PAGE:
To promote nursing practice that is based on evidence, ONS launched the Putting Evidence Into Practice (PEP) program in 2005. ONS PEP teams consisting of advanced practice nurses, staff nurses, and a nurse scientist were charged with reviewing the literature to determine what treatments and interventions are proven to alleviate many cancer-related problems that are sensitive to nursing interventions. Each team classified interventions under the following categories: recommended for practice, likely to be effective, benefits balanced with harms, effectiveness not established, effectiveness unlikely, and not recommended for practice.

Recommended for practice

The following are recommended for practice based on effectiveness established through rigorously designed studies, meta-analysis, systemic reviews, or professional guidelines.

Anticipatory nausea and vomiting:

Several treatments exist for this learned response to an earlier, uncontrolled episode of CINV. Among the nonpharmacologic methods are behavior therapies such as relaxation, hypnosis, guided imagery, and acupuncture. Benzodiazepines are used for pharmacologic treatment, with alprazolam (0.5-2 mg orally three times per day) and lorazepam (0.5-2 mg orally the night before and the morning of treatment) as being recommended for practice (American Society of Health-System Pharmacists [ASHP], 1999; Gralla et al., 1999; NCCN, 2008; Plovich, White, & Kelleher, 2005).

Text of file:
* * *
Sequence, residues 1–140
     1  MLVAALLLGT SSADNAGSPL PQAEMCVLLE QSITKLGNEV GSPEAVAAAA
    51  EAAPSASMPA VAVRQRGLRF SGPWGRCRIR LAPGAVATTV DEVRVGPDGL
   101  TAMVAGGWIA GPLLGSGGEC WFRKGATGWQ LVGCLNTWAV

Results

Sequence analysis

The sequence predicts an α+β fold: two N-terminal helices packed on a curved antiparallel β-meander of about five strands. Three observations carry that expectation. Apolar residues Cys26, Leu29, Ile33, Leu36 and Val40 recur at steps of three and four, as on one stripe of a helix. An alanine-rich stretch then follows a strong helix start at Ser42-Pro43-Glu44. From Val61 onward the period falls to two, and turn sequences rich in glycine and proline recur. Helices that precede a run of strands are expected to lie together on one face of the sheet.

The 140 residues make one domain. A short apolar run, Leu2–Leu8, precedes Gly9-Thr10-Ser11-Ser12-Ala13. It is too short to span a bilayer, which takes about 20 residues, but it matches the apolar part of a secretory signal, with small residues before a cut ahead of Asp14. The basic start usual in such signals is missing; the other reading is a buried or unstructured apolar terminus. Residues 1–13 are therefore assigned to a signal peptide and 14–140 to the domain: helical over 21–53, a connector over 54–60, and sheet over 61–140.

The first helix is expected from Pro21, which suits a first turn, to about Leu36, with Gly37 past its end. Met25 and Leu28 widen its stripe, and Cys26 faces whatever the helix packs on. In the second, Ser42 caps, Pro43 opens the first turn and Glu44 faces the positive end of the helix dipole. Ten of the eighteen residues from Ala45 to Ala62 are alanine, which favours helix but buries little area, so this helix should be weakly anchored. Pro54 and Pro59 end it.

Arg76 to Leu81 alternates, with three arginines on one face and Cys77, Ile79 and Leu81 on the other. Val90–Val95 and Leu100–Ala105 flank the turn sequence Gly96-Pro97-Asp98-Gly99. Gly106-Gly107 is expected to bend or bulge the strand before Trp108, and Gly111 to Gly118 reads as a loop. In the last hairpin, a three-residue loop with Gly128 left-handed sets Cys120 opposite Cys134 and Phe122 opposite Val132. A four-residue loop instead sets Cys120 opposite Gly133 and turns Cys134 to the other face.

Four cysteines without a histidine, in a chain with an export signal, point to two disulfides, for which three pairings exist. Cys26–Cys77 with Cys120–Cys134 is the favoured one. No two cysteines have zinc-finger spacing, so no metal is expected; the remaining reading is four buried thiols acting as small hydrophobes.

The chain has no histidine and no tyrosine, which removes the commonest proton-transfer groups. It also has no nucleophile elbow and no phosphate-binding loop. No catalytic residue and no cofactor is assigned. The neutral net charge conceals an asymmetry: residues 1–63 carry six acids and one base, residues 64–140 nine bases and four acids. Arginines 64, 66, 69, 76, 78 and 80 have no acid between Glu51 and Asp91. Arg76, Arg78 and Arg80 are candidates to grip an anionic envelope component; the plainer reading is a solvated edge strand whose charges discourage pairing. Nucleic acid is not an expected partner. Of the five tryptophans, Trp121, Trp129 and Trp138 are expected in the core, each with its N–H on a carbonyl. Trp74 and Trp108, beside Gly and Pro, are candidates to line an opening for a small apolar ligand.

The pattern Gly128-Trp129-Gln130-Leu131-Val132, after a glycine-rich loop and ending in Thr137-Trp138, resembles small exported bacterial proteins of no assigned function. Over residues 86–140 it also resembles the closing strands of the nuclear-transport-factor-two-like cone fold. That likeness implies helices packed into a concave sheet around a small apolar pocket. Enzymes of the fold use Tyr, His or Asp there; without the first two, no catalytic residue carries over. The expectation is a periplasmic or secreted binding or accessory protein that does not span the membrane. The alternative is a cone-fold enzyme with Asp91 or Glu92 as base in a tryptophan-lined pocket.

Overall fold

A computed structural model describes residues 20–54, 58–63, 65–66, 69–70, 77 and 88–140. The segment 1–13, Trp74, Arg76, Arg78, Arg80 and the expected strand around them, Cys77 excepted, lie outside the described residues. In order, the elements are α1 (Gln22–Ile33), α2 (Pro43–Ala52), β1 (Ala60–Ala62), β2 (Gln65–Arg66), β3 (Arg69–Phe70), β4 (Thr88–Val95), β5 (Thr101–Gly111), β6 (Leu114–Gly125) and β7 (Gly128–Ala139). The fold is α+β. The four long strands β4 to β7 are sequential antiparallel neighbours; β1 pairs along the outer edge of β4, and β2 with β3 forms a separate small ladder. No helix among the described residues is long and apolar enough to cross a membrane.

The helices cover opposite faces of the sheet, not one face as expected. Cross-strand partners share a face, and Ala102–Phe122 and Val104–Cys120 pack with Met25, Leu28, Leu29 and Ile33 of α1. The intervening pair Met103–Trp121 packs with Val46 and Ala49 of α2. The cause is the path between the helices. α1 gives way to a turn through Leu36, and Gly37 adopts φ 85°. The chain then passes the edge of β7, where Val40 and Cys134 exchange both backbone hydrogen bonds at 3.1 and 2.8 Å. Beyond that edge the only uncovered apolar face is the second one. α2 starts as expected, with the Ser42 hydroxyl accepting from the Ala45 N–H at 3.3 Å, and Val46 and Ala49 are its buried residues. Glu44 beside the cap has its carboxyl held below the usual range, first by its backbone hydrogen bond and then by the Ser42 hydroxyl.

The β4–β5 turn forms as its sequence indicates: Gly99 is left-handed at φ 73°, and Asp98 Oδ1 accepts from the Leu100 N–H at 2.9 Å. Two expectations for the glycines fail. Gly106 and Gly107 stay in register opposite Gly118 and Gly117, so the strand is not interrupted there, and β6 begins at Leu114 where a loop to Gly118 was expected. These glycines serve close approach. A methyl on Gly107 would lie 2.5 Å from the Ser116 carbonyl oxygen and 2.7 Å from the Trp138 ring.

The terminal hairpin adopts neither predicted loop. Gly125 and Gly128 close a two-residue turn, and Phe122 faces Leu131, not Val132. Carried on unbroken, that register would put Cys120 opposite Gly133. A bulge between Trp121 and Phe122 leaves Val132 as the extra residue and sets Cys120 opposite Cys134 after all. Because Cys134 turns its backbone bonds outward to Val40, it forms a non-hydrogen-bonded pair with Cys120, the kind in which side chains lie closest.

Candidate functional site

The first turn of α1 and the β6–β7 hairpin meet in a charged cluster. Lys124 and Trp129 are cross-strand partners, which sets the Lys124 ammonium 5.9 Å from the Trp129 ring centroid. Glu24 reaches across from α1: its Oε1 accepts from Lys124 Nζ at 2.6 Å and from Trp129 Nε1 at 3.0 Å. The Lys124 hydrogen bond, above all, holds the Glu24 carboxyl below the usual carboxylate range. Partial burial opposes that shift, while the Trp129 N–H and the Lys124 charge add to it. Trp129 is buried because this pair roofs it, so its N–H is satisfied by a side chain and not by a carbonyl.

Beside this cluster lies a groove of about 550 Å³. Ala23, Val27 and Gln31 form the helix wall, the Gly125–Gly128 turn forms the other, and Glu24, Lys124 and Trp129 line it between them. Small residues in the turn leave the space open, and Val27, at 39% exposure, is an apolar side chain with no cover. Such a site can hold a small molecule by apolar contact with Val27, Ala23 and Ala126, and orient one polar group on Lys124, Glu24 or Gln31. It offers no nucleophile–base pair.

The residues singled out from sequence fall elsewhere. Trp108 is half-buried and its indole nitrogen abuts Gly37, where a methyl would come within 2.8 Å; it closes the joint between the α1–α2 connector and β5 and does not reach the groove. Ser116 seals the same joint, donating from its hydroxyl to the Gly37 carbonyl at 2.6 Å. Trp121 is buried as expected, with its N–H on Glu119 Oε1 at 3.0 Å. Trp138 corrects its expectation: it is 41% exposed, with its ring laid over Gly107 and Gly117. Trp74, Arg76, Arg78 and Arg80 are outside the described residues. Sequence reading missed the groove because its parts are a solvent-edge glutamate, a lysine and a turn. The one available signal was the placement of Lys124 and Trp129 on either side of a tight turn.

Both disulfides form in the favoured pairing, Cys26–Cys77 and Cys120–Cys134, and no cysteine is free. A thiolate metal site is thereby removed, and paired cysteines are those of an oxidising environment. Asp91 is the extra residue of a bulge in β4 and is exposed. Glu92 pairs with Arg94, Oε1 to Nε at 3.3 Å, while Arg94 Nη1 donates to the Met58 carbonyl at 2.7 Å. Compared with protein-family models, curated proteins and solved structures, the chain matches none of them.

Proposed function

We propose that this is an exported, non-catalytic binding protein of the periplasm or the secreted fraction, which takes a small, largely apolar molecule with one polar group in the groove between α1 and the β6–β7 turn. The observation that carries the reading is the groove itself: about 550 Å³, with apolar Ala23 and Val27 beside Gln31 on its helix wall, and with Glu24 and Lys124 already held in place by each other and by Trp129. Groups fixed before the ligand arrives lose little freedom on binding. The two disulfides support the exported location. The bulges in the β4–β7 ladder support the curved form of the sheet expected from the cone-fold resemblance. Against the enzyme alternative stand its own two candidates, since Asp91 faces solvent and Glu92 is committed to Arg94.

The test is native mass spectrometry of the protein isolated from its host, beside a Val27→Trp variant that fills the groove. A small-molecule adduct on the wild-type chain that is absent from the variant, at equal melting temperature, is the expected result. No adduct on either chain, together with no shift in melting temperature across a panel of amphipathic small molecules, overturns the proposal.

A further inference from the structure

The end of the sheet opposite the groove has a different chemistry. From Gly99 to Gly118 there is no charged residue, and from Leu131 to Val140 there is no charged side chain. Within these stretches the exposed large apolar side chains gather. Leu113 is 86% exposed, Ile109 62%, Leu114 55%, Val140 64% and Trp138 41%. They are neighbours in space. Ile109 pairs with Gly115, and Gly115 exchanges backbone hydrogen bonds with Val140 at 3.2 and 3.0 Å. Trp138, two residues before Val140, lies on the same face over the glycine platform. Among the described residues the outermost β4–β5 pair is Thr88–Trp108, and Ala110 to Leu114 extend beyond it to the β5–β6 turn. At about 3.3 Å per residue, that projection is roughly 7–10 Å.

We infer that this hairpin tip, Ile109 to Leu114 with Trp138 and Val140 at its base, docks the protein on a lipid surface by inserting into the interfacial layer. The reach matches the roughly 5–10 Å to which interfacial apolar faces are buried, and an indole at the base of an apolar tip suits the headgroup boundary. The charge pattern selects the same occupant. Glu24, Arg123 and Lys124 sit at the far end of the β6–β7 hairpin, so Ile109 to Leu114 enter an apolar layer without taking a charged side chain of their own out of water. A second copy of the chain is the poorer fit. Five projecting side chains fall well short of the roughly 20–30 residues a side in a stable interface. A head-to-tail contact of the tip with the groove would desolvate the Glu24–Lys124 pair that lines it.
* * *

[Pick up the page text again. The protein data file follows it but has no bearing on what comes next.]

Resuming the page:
Acute or delayed nausea and vomiting:

Certain regimens have shown great effectiveness in controlling acute and delayed CINV. Table 2 contains of list of these agents based on emetogenic properties (Oncology Nursing Society, 2008).

 

Table 2. Medications recommended for controlling CINV based on emetogenic properties of chemotherapeutic agents

 

Highly and moderately emetogenic

  • 5-HT3 receptor antagonists
    • Palonosetron
    • Granisetron
    • Ondansetron
    • DolasetronM
    • Tropisetron
  • Neurokinin 1 (NK1) receptor antagonist
    • Aprepitant
    • Fosaprepitant
  • Corticosteroid
    • Dexamethasone
  • Benzodiazepine
    • Lorazepam

 

Low emetogenic

  • Corticosteroid
    • Dexamethasone
  • Metoclopramide with or without diphenhydramine
  • Phenothiazine
    • Prochlorperazine
  • Benzodiazepine
    • Lorazepam

 

Minimal emetogenic

  • No routine antiemesis prophylaxis is recommended

 

Note. Effective dosage, timing, and combinations of medications may vary according to the emetogenic properties of the chemotherapy regimen and onset of CINV. More information about dosage and schedule information can be found in Friend and Johnston (2009).

Note. Based on information from ASHP, 1999; Gralla et al., 1999; MASCC, 2008; NCCN, 2008; Polovich et al., 2005).

Breakthrough or refractory nausea and vomiting:

According to NCCN (2008), prevention of breakthrough or refractory CINV is much easier than treatment. The general principle is to give an agent from a different drug class than was previously used, to consider around-the-clock dosing instead of PRN, and to use parenteral or rectal routes since oral would be contraindicated (Friend & Johnston, 2009). Treatment options would be similar to those shown in Figure 2 with the exception of an NK1 receptor antagonist.

Likely to be effective